Gold seals Kelly's split with partner

Kelly Holmes woke up yesterday - if she slept at all - the country's new heroine, all of us still high on her fantastic gold medal run, the British team in Athens given a huge lift by her performance. Maria Mutola, her great rival and one-time training partner, certainly won't be feeling the same, having finished fourth in the 800 metres in which Holmes won gold on Monday.

Kelly Holmes woke up yesterday - if she slept at all - the country's new heroine, all of us still high on her fantastic gold medal run, the British team in Athens given a huge lift by her performance. Maria Mutola, her great rival and one-time training partner, certainly won't be feeling the same, having finished fourth in the 800 metres in which Holmes won gold on Monday.

Kelly and Maria trained together for a while, but it wasn't one of athletics' great long-term partnerships. There is no doubt they have great respect for each other as athletes, and they were good friends for a while. We all believe Maria protected Kelly in last year's Paris World Championships 800m race, guiding her to claim silver behind Maria. Earlier this year, they stopped training together. Why, we don't know, and Kelly hasn't told me, but I sense something happened between them and they are not necessarily great friends now.

On the track, nobody is a friend - even Justin Gatlin and Shawn Crawford, the two US sprinters who remind me of myself and the Canadian sprint hurdler Mark McKoy, who are long-term training partners and genuine buddies. In the final in Barcelona in 1992, Mark won gold and I crashed. In the 100m sprint final on Sunday, Justin came through for gold and iced Shawn, who came fourth.

Shawn, though, was there to congratulate him, and could be pleased, knowing they both competed to their ultimate. In Barcelona, I was distraught at my performance, but Mark's gold showed me all our preparations had been right, and I could be genuinely happy for him.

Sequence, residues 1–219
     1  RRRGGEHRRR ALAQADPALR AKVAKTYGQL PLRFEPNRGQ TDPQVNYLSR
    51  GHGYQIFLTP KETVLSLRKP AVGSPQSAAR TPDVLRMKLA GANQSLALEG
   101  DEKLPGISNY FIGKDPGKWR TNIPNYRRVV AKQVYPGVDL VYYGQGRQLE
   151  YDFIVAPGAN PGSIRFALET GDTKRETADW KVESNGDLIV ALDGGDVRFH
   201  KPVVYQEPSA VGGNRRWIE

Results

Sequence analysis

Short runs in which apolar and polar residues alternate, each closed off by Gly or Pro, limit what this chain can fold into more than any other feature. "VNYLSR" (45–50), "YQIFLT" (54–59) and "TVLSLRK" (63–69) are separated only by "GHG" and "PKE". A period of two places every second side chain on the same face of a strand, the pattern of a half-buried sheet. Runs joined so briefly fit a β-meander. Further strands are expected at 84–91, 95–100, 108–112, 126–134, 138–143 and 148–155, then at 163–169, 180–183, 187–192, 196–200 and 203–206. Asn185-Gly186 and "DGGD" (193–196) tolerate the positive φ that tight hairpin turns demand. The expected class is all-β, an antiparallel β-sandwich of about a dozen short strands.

Maria, however, didn't go to congratulate Kelly, although she said afterwards that Kelly deserved to win. Maria, the defending champion, had her own emotions to deal with after losing that desperate struggle, but it was still surprising she had nothing to say to Kelly on the track after the race.

With those titans clashing, the world hasn't concentrated too much on the runners coming in second, the Moroccan Hasna Benhassi, and third, the Slovenian Jolanda Ceplak. But in Slovenia they've had eyes for little else.

Jolanda, a good friend of mine whom I tipped to win, as she did in the 2002 European Championships when Kelly came third, will also return home to a heroine's welcome. She told me after Monday's race that coming off the bend she thought her legs were gone and knew she couldn't catch Kelly or Maria. Then, from somewhere, her strength came back and she finished tremendously; another five metres and Jolanda would have won.

In Slovenia, they won't quibble; hers is a new, post-Yugoslavia, beautiful country of only three and a half million people, where she is a huge sports icon. People there are overjoyed with Yolanda's performance and were so proud to see her blonde head bobbing round the track, a Slovenian flag on her shoulders. We're all delighted for Kelly, but being third best in the world is a great feat too, and in Slovenia right now, bronze is golden.

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